The Evolution of Atlas: A Breeding (and Chat) Thread

Discussion in 'Pictures & Stories of My Chickens' started by speckledhen, May 8, 2014.

  1. MistyMountain

    MistyMountain Chillin' With My Peeps

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    Cyn, I am amazed by the friendly nature of all of your roosters. It seems like all of mine have been skittish from the start, and I was under the impression that I should not baby them or they would not know to keep their space and could become aggressive. I will put more effort into befriending any youngsters we may hatch this spring. I can see how you fall in love with them.

    I have a mean rooster… well… I have hard time calling him mean. He's protective and needs to be in our free range situation. He's just doing what a rooster does, and is super good at it. My boys have learned to respect his space. It does get old sometimes when I am in a hurry to get down to the coop and he is bent on getting my boots, but I have watched him time and time again get the girls to safety and stand in the open to take on hawks. I know one of these times he will lose to the predator, but at a year and a half old, he sure is good at what he does. Not only that, he tolerates the two beta roo's in the flock. 3 roosters, 20 hens living together… maybe overkill, but I keep a closed flock and can't be without a rooster [​IMG] I will admit, one roo and two hens sleep in the mini brooder coop. I don't want to press my luck with 3 roosters waking up excited surrounded by ladies in one coop.
     
  2. speckledhen

    speckledhen Intentional Solitude Premium Member

    The trick is to start with a line of birds bred for temperament. Isaac's line of Delawares was bred for temperament. He passes that on to his sons. Suede was my Blue Orpington, no idea if he was actually bred for it, but he was a pussycat with people. Same with his sons, super sweet and easygoing. Isaac wasn't babied as a chick and neither was Suede, though they were handled to make sure they got used to it. That's my only secret. Breed the best, keep the best, cull the rest.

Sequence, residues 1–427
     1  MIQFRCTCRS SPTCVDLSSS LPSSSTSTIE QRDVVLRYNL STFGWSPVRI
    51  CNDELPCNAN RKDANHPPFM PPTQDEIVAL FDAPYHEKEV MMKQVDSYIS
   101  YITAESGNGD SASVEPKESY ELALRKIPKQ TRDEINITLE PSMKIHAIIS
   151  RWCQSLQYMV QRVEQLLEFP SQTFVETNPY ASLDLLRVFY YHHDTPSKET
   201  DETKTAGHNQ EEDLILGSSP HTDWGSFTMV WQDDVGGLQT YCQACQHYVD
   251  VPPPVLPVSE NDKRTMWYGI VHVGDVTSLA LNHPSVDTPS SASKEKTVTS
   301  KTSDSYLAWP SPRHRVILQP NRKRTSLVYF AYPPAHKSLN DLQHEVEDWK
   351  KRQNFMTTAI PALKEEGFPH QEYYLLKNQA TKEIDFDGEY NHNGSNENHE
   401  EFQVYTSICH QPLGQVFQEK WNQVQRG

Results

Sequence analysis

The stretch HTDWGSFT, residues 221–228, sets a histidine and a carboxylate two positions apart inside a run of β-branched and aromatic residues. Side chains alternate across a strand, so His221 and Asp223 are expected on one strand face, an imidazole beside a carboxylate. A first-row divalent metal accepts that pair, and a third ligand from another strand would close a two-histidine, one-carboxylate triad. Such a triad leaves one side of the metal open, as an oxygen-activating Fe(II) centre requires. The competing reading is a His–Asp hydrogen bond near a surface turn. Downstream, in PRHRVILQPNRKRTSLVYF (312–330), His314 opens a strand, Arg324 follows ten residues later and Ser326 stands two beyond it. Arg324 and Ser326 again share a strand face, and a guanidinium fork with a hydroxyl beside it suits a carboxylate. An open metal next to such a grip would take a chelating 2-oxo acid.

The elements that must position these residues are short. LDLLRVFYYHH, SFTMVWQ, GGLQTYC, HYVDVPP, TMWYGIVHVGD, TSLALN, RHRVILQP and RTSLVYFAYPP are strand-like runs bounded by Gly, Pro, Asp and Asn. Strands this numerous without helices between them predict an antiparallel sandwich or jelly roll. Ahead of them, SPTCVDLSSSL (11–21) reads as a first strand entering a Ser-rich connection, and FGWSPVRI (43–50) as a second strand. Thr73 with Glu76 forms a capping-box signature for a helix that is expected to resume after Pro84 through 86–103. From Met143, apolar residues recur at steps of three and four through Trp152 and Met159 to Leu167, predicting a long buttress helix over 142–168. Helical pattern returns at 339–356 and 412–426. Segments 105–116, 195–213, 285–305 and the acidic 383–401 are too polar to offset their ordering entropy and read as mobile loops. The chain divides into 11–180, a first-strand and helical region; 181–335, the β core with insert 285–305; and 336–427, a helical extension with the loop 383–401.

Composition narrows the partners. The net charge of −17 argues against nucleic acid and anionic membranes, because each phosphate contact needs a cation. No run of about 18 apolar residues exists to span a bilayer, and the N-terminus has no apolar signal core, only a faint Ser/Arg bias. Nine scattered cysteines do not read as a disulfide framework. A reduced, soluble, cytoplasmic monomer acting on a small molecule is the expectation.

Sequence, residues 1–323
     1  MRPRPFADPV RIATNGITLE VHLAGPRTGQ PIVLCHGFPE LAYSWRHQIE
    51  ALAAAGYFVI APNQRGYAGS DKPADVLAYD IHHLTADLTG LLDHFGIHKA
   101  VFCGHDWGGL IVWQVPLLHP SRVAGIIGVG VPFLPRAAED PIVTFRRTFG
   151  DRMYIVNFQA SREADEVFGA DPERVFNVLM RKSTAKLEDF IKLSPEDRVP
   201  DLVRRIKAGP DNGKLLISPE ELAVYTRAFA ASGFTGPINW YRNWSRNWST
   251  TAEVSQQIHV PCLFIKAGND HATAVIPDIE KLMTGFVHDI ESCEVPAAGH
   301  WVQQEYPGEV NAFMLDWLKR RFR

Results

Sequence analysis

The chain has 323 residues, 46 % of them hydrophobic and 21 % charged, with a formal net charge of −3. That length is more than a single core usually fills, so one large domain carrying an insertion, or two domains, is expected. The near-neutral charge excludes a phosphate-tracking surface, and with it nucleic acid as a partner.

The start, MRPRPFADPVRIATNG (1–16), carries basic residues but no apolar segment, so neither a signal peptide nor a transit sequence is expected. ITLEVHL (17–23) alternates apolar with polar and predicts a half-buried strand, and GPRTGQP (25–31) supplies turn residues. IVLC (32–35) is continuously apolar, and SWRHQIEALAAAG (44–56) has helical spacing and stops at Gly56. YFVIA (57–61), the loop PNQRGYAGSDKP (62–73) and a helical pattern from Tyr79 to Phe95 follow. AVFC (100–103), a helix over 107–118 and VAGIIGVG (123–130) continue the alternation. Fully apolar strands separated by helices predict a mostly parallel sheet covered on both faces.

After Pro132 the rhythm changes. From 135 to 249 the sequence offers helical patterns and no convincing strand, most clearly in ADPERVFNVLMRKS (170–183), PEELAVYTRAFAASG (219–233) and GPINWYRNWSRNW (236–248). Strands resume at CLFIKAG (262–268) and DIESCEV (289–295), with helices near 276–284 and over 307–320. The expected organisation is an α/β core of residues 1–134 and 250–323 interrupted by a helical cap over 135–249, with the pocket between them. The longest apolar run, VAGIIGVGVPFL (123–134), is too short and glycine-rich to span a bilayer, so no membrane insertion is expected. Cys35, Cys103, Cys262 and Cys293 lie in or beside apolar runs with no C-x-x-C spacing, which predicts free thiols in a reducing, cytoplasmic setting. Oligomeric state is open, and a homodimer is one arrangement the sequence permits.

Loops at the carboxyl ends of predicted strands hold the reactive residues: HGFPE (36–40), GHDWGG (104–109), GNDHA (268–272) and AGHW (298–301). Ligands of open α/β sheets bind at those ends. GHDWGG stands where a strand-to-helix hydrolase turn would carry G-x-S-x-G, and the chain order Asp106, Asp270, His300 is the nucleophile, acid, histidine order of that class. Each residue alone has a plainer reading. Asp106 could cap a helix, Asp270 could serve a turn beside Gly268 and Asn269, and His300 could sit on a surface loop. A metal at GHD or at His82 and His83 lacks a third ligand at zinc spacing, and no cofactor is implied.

3. 1muttsfan

    1muttsfan Overrun With Chickens

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    I have had some very nice Speckled Sussex from Sandhill Preservation, they are hardy and very good natured. Last summer a friend gave me some Jubilee Orp eggs and I hatched out one. She looks just like a giant version of my SS hen Freckles - except her tail never grew in, so she has a little bit of a cochin look.
     
  4. speckledhen

    speckledhen Intentional Solitude Premium Member

    Sounds like Gloria Jean should try to get some of those. Just not the SS from Ideal. Bad stock. My only Speckled Sussex that I raised to adulthood, Nelda, was from a breeder in Tennessee, though I think the origin was hatchery stock, just improved upon.
     
  5. 1muttsfan

    1muttsfan Overrun With Chickens

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    [​IMG]
    Freckles - She was on alert in this picture, thought someone else was getting all the bird seed under the feeder!
     
  6. speckledhen

    speckledhen Intentional Solitude Premium Member

    She sure was at attention! Here was Nelda at around 3 years old. Something happened later during a very hard molt, her crop quit functioning and no amount of massage or anything we did could get it working again so we lost her. She was a small hen, laid very small eggs, too, but a character.

    [​IMG]
     
  7. MistyMountain

    MistyMountain Chillin' With My Peeps